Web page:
How to create a marketing plan template you’ll actually use

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  • Lucidchart tips
  • Marketing

Where do you see your business going next quarter? Next year?

And if you’re involved in your company’s marketing efforts, how will you make sure your company reaches these goals?

If you don’t already have clear, well-defined answers to these questions, then you need to create a marketing plan. A good marketing plan serves as a map for your organization, leading you toward success. Keep reading to learn what makes a good marketing plan, then use our marketing plan template to get started today.

Marketing Planning Hierarchy Example
Marketing planning hierarchy example (click on image to modify online)

Why you need a marketing plan template

Proper planning is essential to success. When you have a good plan, you know where you want to go, when you want to get there, and—perhaps most importantly—how you can reach that point. It can save you time, money, and frustration.

Think of it this way: You’d never see a builder constructing a house without planning the materials, timeline, and floorplan first. Builders plan extensively, using blueprints to guide their work. As a result, they can consistently meet their building goals.

While there are many useful diagrams that marketers can use in their planning, nothing beats a solid marketing plan. A marketing plan defines goals, strategies, and key performance indicators for your organization to guide your choices. The carefully crafted goals and strategies in your plan will help you create marketing campaign templates that get you where you want to go. Likewise, you can compare a proposed campaign to your marketing plan. If it does not support the goals outlined in your plan, you’ll know to shelve it.

Of course, a poorly constructed marketing plan won’t get you very far. For example, if your goals are vague or unreachable, it will be difficult to know if you’re making progress toward them. You need to construct a marketing plan that is specific enough to provide meaningful guidance—and you can get started with a solid marketing strategy template.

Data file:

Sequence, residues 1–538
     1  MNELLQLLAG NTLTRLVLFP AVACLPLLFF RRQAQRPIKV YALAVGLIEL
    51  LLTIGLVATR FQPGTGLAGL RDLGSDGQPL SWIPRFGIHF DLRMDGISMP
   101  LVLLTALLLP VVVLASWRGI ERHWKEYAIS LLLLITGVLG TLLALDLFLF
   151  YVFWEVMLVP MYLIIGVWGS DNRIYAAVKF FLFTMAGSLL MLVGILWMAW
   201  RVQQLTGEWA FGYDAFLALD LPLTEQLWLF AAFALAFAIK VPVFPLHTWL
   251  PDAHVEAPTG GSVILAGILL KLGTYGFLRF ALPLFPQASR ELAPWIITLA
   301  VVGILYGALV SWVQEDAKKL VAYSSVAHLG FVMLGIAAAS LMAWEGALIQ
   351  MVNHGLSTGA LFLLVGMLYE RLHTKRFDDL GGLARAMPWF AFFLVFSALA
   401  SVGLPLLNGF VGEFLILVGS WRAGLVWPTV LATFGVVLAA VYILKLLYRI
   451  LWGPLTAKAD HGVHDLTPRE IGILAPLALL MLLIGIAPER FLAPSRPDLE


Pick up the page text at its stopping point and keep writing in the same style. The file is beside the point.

Building an effective marketing plan

In order to provide a sufficient roadmap for your organization, a good marketing plan contains several parts. Some parts may require more detail than others, but each part is necessary to create a clear, actionable plan.

Template: Overview of building an effective marketing plan
Marketing plan overview (click on image to modify online)

Visualizing your marketing strategy with Lucidchart

An effective marketing plan needs to be readable, available, and tailored to your organization. Lucidchart makes it easy to personalize an attractive marketing plan that you can share with your team.

Remember, the best marketing plan is the one you actually use and refer to. A useful marketing plan shouldn’t be too long or complex. Avoid overwhelming your plan with unnecessary detail, and include just the most important points. You can always link additional documentation to your plan as needed.

Background and business objectives

The background section lays the groundwork for everything else. It contains vital information about your organization, such as who your customers are and what their buying cycle looks like. Likewise, this section includes any pertinent company history, such as prior successful marketing campaigns that you wish to build on or marketing flops that led to course adjustments.

The background section also includes relevant research. At a minimum, this should include an honest analysis of your company’s strengths, weaknesses, opportunities, and threats, known as a SWOT analysis. This analysis will help you create appropriate goals for your business. The background section can also include a competitive analysis for further insight.

SWOT analysis template (click on image to modify online)

You may also want to include your business’s mission statement or vision to align your goals closely with your organizations overall objectives. In addition, including any analyses you’ve conducted, such as your customer journey map, and buyer personas can be helpful in identifying areas of opportunity. You may have to simplify or summarize these analyses for brevity's sake, but you can always include greater detail in your additional documentation.


Draw upon your background to create two or three goals for your marketing plan. These goals should be SMART—that is, specific, measurable, achievable, results-focused, and time-bound. Clearly outline the timeframe and metrics in your goals. You can even include three to five smaller sub-goals that will help you achieve your main goals.